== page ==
Principality of Theodoro

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Lordship of the city of Theodoro and the Maritime Region
Αὐθεντία πόλεως Θεοδωροῦς καὶ παραθαλασσίας
early 14th century–1475
Coat of arms
Coat of arms
Crimea in the middle of the 15th century.
  Theodoro shown in green
Capital Mangup (Doros, Theodoro)
Languages Greek (official), also Crimean Gothic, Kipchak and others
Religion Orthodox Christianity
Government Monarchy
 •  1475 Alexander of Theodoro
Historical era Late Middle Ages
 •  First mention of the principality early 14th century
 •  Ottoman conquest 1475
Preceded by
Succeeded by
Empire of Trebizond
Ottoman Empire
Today part of Russia/Ukraine[1]

The Principality of Theodoro, also known as Gothia (Greek: Γοτθία) or the Principality of Theodoro-Mangup,[2] was a small principality in the south-west of Crimea and both the final rump state of the Byzantine Empire and vestige of the Crimean Goths until its conquest by the Ottoman Turks in 1475. Its capital was Doros, which was also sometimes called Theodoro and is now known as Mangup. The state was closely allied with the Empire of Trebizond and was distinctive for its East Germanic (albeit heavily Hellenized) population.


Its population was a mixture of Greeks, Crimean Goths, Alans, Bulgars, Cumans, Kipchaks and other ethnic groups, most of whom were adherents to Orthodox Christianity. The principality's official language was Greek. The territory was initially under the control of Trebizond as part of its Crimean possessions, the Gazarian Perateia.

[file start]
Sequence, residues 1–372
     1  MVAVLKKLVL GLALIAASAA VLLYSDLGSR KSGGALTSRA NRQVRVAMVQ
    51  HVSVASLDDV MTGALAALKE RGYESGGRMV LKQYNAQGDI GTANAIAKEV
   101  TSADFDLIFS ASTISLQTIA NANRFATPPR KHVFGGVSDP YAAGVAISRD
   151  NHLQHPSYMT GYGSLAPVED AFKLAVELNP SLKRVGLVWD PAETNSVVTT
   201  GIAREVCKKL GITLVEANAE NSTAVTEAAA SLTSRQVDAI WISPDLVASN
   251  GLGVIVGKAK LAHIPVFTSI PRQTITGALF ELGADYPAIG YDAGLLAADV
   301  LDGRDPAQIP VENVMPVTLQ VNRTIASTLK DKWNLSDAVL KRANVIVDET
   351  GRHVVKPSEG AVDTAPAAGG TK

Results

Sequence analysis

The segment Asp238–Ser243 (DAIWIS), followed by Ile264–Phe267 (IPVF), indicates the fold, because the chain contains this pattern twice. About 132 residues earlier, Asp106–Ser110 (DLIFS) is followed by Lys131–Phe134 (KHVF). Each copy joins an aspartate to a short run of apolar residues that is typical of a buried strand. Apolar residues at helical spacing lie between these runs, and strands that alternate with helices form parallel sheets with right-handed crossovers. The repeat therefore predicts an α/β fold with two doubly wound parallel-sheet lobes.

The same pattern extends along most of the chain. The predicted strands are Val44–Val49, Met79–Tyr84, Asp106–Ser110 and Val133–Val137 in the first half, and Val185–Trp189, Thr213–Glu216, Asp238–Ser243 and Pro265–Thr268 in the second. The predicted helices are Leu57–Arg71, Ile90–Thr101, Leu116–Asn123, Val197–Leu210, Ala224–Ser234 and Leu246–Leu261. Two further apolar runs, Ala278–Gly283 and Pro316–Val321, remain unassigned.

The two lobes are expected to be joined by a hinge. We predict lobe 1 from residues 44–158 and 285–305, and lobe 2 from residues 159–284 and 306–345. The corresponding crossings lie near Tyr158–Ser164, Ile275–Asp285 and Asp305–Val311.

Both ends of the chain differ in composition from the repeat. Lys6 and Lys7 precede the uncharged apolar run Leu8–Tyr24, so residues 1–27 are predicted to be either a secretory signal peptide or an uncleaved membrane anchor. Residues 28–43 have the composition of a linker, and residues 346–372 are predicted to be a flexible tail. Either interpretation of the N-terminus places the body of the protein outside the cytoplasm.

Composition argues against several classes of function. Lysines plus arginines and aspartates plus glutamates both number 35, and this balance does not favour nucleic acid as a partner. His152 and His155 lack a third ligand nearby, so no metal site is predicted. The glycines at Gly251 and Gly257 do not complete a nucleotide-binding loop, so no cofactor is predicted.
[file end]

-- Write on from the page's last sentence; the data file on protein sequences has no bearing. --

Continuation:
The Principality of Gothia is first mentioned in the early 14th century, with the earliest date offered by the post-Byzantine historian Theodore Spandounes, who records the existence of a "Prince of Gothia" in the reign of Andronikos III Palaiologos (1328–1341). Further references occur over the course of the 14th century, with several scholars identifying the "Dmitry", one of the three Tartar princes in the Battle of Blue Waters (c. 1362/3), with a Prince of Gothia. The name in this case may possibly be the baptismal name of a Tartar lord of Mangup, named Khuitani (see below).[3] The name "Theodoro" (in the corrupted form Θεοδωραω) appears for the first time in a Greek inscription also dated to c. 1361/2, and then again as "Theodoro Mangop" in a Genoese document of 1374.[4] It was suggested by A. Mercati that the form is a corruption of the Greek plural "Theodoroi", "the Theodores", meaning Saints Theodore Stratelates and Theodore Tiro, but N. Bănescu proposed the alternative explanation that it resulted from the definitive Greek name τὸ Δόρος (to Doros) or τὸ Δόρυ (to Dory),[5] after the early medieval name of the region.[6] Whatever its provenance, the name stuck: by the 1420s the official titelature of the prince read "Lord of the city of Theodoro and the Maritime Region" (αὐθέντης πόλεως Θεοδωροῦς καὶ παραθαλασσίας),[7] while colloquially it was called "Theodoritsi" (Θεοδωρίτσι, "little Theodoro") by its inhabitants.[8]